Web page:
Matt, and the other men, had no idea that they had started what became known as the death march.  During the march, he received no water and little food.  At another point, the soldiers were ordered to sit.  Behind the POWs were four Japanese artillery pieces which began firing on Corregidor and Ft. Drum.  These two islands had not surrendered.  Shells from these two American forts began landing among the POWs.  The POWs could do little since they had no place to hide.  Some POWs were killed by incoming American shells.  One group that tried to hide in a small brick building died when it took a direct hit.  The American guns did succeed in knocking out three of the four Japanese guns.
    When they began to the march again, it took the members of HQ Company six days to reach San Fernando.  Once there, the POWs were put into a bull pen that had a fence around it.  In one corner was a slit trench to be used as a toilet by the POWs.  The surface of the trench moved since it was covered in maggots.  The POWs had enough room to sit, but they could not lie down. 

    During their time in the bull pen, the POWs watched the Japanese bury three POWs.  Two were still alive.  When one of the men attempted to climb out of the grave, he was hit in the head with a shovel and buried.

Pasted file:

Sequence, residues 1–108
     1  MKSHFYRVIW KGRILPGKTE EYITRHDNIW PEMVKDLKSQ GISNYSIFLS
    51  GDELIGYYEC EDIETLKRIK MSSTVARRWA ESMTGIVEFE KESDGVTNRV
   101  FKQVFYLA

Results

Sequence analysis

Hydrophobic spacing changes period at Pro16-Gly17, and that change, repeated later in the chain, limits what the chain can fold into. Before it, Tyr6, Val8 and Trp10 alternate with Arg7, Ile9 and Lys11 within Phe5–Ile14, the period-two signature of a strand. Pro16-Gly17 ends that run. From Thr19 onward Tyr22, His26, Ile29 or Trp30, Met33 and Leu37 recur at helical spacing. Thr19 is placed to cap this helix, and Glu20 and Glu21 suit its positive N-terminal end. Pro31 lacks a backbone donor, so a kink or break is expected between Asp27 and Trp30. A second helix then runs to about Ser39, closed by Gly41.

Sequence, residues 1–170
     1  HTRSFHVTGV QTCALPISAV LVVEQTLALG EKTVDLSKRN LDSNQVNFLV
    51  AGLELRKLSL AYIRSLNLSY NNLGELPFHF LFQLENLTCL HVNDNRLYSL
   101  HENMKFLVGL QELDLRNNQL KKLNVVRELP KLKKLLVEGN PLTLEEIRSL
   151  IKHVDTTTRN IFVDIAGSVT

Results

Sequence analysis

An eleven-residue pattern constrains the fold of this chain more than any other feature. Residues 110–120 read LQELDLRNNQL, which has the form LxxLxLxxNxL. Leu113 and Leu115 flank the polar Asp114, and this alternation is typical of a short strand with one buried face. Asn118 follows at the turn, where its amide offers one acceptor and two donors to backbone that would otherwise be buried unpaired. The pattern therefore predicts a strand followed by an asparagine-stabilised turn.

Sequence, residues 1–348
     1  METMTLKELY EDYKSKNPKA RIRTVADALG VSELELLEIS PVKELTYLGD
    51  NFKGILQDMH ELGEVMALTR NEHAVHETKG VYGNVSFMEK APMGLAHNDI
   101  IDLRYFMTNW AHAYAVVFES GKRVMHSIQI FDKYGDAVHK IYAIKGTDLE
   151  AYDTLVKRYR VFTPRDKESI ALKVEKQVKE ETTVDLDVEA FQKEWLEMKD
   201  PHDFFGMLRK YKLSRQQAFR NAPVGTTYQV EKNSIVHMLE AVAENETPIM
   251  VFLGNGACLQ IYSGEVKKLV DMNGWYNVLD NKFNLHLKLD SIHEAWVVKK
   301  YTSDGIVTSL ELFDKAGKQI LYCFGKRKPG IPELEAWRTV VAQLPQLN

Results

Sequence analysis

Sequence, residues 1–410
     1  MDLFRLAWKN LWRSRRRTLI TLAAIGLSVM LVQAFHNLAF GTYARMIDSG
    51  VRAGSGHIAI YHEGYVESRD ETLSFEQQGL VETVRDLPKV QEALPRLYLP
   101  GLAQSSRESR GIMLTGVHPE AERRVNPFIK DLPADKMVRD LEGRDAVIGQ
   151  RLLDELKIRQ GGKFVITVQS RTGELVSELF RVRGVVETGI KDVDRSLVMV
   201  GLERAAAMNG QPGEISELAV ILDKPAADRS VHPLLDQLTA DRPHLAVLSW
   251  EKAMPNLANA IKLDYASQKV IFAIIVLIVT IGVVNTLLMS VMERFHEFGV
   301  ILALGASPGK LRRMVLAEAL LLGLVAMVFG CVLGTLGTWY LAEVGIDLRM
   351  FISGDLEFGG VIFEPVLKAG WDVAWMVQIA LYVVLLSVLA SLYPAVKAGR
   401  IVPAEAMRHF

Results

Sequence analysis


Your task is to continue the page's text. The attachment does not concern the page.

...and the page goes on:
At San Fernando, Matthew was put into a small wooden boxcar and taken to Capas.  The cars could hold forty men or eight horses, but the Japanese packed 100 men into each car.  Those who died remained standing until the living climbed out of the car.  From Capas, Matthew walked the last ten miles to Camp O' Donnell.

    Camp O'Donnell was an unfinished Filipino training base that the Japanese pressed into service as a Prisoner of War camp.  It turned out to be a death trap with as many as fifty POWs dying each day.  There was only one working water faucet for the entire camp.  To get a drink, men stood in line for days.  Many died while waiting for a drink often because the Japanese guard shut off the water for no apparent reason.  The death rate among the POWs was as high as fifty men a day.  Many POWs went out on work details to get out of the camp.